i… i am a dried up riverbed, burning alive in the heat of summer, as the crickets chirp, and the people laugh. eyes stained dark with wonder.

teeth long and crooked, voicebox trembling with strange, frantic desire. and what came first? the witch, or the pyre. how many more skeletons i can stuff in my closet, before they catch fire?

and i think that the animalistic shudder of your voice will always win. the endless hours stretch on, stained with pixelated colours, peeling skin…

and that familiar, acrid smoke. an age-old enemy; eyes soft and rosy with the aftertaste of thunder. his words a neverending din.

and maybe it’s self-care. but… maybe it’s just giving in.

I don’t really remember what I posted in quarantine, honestly those three months just felt like one big blur.

But if I was being honest, which I try my best to be on this blog, I would have told you about how much I was struggling to process all the things that were going on.

Throughout the lockdown, I was only able to keep myself out of a depressive episode by denying it was happening at all. I told myself that I was staying home because I wanted to. That my friends had left me, or moved away, or died. And over the months, they became little video game characters, dancing across my phone screen–weak imitations of what they used to be.

Was it great? No. But it was the only thing that got me through those four months without slipping into a really dark place–with no one there to help me see the light.

I told myself, then, that once this was all over, I would deal with it. I would sit down with my therapist, and let it all out, and I would give myself the time I needed to process from a safe distance.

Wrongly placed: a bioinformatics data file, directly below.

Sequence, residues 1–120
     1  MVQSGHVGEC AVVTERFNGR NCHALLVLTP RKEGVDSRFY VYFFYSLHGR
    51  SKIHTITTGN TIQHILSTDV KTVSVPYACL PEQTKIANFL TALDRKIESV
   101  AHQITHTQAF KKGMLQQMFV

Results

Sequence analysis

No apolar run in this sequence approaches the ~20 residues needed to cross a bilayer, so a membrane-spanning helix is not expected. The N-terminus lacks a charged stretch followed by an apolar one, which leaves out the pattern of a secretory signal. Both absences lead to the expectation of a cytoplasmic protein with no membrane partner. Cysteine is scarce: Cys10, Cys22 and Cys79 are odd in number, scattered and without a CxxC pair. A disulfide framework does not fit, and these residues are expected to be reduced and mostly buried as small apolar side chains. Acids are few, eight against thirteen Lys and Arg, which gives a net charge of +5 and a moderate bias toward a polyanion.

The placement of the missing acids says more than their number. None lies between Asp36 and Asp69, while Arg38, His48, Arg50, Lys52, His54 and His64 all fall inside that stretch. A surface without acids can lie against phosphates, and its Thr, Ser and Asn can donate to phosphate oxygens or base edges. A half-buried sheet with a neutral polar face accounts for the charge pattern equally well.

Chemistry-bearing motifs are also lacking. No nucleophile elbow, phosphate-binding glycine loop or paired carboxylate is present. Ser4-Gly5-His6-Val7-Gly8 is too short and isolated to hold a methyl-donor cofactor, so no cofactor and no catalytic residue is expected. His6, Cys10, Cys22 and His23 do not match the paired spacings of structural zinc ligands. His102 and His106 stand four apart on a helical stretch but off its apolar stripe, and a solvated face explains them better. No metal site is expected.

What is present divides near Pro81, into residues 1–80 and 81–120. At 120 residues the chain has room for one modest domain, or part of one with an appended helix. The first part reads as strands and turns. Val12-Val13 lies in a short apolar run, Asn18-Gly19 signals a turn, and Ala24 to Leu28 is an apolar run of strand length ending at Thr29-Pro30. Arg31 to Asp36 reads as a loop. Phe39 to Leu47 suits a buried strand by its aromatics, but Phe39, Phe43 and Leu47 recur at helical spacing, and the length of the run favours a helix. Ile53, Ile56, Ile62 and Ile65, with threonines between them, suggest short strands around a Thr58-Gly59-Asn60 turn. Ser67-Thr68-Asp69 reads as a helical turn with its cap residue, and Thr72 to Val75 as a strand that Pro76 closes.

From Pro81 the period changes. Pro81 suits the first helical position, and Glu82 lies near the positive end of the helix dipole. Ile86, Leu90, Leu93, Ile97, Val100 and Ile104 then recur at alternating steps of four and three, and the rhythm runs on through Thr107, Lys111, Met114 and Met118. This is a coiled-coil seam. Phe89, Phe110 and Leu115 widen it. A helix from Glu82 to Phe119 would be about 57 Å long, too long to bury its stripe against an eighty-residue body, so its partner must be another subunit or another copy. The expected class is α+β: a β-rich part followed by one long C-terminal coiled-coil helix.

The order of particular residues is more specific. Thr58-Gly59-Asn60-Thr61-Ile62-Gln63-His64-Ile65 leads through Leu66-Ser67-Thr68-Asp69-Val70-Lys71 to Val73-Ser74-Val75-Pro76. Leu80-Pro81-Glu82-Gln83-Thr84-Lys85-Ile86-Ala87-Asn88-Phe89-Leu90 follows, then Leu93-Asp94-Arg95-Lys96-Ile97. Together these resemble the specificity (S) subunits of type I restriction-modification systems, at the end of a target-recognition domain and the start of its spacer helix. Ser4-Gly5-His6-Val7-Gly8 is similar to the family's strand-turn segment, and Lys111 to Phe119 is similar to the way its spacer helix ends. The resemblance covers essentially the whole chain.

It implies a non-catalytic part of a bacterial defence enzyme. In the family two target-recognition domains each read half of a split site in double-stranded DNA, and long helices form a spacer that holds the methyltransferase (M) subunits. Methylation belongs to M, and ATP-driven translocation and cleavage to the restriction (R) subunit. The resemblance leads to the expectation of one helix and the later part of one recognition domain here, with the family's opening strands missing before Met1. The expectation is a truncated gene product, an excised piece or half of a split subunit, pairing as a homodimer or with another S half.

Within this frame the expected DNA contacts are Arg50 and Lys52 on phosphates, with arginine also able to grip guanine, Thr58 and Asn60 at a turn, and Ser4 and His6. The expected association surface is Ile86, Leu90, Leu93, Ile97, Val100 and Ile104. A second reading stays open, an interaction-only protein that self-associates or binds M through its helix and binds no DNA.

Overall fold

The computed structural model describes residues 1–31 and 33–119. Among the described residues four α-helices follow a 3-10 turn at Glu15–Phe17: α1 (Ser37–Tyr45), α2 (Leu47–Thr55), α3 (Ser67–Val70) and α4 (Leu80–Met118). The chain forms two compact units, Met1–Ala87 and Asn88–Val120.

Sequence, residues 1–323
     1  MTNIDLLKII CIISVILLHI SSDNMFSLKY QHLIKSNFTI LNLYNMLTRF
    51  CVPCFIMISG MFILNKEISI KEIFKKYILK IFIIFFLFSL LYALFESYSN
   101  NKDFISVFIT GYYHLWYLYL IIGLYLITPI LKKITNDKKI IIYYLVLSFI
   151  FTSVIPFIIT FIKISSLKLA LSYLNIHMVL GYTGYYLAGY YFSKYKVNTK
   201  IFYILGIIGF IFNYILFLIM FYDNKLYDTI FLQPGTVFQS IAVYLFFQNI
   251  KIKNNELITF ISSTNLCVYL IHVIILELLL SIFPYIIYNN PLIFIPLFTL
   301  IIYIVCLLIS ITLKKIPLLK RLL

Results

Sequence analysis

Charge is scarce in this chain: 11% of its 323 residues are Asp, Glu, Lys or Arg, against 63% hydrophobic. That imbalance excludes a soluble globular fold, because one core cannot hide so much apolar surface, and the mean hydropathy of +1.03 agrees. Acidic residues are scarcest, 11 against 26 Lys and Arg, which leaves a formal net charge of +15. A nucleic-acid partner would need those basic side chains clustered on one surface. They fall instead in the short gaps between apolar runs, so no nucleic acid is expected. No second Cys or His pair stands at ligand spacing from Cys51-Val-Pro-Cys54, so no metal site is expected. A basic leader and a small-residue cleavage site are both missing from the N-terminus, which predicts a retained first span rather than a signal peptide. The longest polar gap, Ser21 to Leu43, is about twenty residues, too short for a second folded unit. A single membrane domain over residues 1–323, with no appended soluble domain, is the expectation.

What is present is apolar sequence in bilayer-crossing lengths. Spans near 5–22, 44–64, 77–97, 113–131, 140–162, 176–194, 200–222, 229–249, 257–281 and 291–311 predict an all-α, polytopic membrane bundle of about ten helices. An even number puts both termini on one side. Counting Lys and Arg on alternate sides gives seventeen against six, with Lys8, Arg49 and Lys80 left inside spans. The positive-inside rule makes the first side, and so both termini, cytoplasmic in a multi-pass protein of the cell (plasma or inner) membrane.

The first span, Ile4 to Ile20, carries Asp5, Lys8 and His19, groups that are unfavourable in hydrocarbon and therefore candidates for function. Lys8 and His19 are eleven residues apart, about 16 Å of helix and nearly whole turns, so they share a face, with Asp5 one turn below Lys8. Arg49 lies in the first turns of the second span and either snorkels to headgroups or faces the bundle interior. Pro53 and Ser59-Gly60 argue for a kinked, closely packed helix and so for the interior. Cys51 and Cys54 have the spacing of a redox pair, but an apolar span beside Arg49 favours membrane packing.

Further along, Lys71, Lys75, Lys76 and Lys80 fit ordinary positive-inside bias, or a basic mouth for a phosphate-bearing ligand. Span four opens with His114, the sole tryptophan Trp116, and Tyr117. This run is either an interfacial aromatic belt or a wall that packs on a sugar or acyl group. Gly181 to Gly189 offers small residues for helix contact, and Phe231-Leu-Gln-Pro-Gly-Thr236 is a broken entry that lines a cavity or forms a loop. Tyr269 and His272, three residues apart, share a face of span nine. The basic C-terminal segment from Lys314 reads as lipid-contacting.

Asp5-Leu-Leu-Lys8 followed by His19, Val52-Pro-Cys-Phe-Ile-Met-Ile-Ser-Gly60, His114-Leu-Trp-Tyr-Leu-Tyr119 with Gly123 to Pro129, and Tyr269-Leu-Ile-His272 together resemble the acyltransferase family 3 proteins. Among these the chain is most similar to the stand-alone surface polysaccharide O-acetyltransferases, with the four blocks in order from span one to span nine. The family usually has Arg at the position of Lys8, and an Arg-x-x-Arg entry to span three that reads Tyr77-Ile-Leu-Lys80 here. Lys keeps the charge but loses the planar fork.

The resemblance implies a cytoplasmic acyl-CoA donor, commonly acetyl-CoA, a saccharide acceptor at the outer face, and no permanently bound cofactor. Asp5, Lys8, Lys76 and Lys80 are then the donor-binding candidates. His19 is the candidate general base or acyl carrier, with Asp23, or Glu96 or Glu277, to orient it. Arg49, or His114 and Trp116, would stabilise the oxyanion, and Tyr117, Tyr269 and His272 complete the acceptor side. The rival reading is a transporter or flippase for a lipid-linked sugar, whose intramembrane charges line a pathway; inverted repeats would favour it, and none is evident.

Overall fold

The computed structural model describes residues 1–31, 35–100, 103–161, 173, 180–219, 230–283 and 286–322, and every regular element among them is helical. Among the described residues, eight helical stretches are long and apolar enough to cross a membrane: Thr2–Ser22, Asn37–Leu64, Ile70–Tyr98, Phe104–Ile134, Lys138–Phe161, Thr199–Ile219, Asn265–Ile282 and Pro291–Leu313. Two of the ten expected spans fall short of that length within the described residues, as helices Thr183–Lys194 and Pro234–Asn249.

But, I mean, you can only hold it in so long, I guess. Because that time I thought of in March… well, that time is now. I am more scared of COVID than I was during the actual lockdown, and whenever I hear about it on the radio I go into a panic. And it just… it all hits me at once; everything I held in back then.

I don’t know if I made the right decision. Or if, given the option, I would make it again. But… I do know that it feels like I’m drowning sometimes. Reliving it, a thousand times more terrifying than it actually was. And I don’t have a therapist to help anymore. I’m all on my own.

For better or for worse.

I go back to school tomorrow. (Tomorrow as I write this, today by the time you read this.) I’m in Canada, although to be honest with you the whole reopening plan for regular school seems iffy at best. But because I do my work via a computer, and I can set my own hours for how much I want to go into school, I’m not too worried–you have to sanitize your hands before going into the computer lab, everything is socially distanced, and honestly it’s sounding pretty great from my perspective. I mean, if I have the option to share a computer lab with the only other person who signed up, and never have to get within twenty feet of them, I am down for that. Still a bit nervous though, to be honest–because change is scary. Because facing this stuff is scary. (Also, yes, that is why there weren’t as many posts this week!)

But I know that… sometimes, the thing you’re afraid of is a lot more dangerous in your mind than it is in the reality. That sometimes, when you face it, it’s not really as bad. That living with anxiety is facing your fears every single day. I’ve done it before, and I will do it again.

Lots of love.


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